Regardless of whether they turn out to be gay, straight, or presbyterian, they have a right to discover this on their own, rather than being made the proxy of misdirected, childlike adults who find them easy and moldable subjects. This abominable trend is resulting in no less than a generation of stolen childhoods.
What is required here is adult restraint, and that is without a doubt, “for the children.”
Who in life, thinks others have an obligation to accept them? I certainly never did, even when I was at my fattest. Yes, I encountered hatred and plenty of ugly behavior. Some people were verbally cruel and I lost jobs. Did I ever believe I should take them to court in attempt to force them to like me?
Or maybe, like a story in Colorado this month, they ought to be forced to bake me a cake? Since some bureaucrats have confered upon themselves the power to restrict the size soda you can buy and in light of the growing social acceptability of hating fat people, (especially by ‘tolerance activists’) we are well on our way to seeing bakers restricted from baking a cake for a customer who is deemed unacceptably fat. Meanwhile, people ought to be forced to bake you one if you are in a politically acceptable group! Both are ridiculous and threaten the most precious of things of which you’d think all groups would treasure: Freedom.
I have always loved non-conformists. They have the courage to go their own way, regardless of others’ approval. They often blaze new trails. Sometimes they persuade others and sometimes they learn from reactions they receive. How silly would it be for those people to spend their time forcing others to approve of how individualistic they are?
Just as I have feared, the trend of using force to make others live, think and behave as an “elite” group of bureaucrats and special interest groups demand, is growing. Not too long ago, a popular bumper sticker said, “If you don’t like abortion, don’t have one.” It never said, “If you don’t like abortion, I’m going to force you to like it anyway.” It pains me to state something so obvious but apparently, there are those who have forgotten: I must protect your free will to disagree, disapprove and/or dismiss even something which I love, so that I can protect my freedom to do the same.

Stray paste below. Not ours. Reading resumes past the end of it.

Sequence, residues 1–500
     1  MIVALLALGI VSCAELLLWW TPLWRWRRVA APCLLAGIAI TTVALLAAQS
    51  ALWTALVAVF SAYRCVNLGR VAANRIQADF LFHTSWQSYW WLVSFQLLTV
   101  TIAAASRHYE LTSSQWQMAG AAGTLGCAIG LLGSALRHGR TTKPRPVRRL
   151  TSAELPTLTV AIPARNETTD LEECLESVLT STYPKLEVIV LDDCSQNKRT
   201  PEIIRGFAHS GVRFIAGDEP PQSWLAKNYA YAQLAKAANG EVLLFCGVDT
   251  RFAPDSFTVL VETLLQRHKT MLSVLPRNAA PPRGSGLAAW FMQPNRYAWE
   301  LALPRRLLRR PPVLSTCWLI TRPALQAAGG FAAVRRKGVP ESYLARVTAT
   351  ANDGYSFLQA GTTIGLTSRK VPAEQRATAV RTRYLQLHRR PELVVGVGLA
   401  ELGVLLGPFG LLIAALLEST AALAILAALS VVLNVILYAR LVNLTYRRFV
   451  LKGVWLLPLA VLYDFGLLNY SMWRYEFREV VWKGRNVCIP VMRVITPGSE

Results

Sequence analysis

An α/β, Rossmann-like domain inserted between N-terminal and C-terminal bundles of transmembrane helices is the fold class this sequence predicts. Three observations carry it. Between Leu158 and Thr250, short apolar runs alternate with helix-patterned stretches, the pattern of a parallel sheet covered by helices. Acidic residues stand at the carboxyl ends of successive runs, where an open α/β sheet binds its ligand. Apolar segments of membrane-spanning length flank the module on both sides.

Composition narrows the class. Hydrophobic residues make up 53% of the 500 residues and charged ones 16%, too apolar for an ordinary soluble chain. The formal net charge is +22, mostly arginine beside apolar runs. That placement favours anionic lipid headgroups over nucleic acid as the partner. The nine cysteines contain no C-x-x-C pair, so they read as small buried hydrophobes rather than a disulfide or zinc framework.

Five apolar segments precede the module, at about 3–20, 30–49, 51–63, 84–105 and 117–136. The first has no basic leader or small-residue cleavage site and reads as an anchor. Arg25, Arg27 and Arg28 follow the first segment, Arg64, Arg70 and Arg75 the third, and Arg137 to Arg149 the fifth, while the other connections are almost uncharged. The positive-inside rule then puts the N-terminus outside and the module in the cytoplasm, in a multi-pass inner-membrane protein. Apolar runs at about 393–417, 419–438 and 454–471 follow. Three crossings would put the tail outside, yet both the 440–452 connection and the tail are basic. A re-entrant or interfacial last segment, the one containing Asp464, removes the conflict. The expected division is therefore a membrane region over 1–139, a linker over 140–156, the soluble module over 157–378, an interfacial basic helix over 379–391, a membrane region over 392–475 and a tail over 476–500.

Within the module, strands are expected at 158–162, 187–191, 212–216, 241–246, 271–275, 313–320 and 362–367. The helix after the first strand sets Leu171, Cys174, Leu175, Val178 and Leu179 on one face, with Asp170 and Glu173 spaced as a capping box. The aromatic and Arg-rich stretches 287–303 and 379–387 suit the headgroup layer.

I finally did it. I watched the segment of the Barbara Walters Special in which she features Honey Boo Boo and her family. Walters named Alana Thompson one of the “Ten Most Fascinating People of 2012.”
Ms. Walters chose not to interview the family directly but presented previously seen clips. Apparently, she took a lot of heat for her choice which also helped to publicize her special before it aired. Intentionally or not, Alana was used to sell Walters’ program just as she has continued to be used by her mother and her family to garner money, recognition and fame.
What is most curious, is that the most “fascinating” questions as to why Honey Boo Boo has been so fascinating in 2012, were never asked, questions like:
- Why do people watch this show and why were its ratings higher in some markets, than the national political conventions?
- Fifteen years after the JonBenet Ramsey case, why is there a show called “Toddlers and Tiaras” and why is it more popular than ever?
- Why do parents keep putting their kids in beauty pageants?
As in the case of many television programs, initially people tune in for a little escape and perhaps some curiosity. Many can’t believe a show like this is even on TV. But if they become a regular watcher, they may be getting seduced in somewhat the same way as the participants and the parents. The voyeuristic quality of this whole endeavor feeds on itself. (yet another not-so-inadvertant food pun.)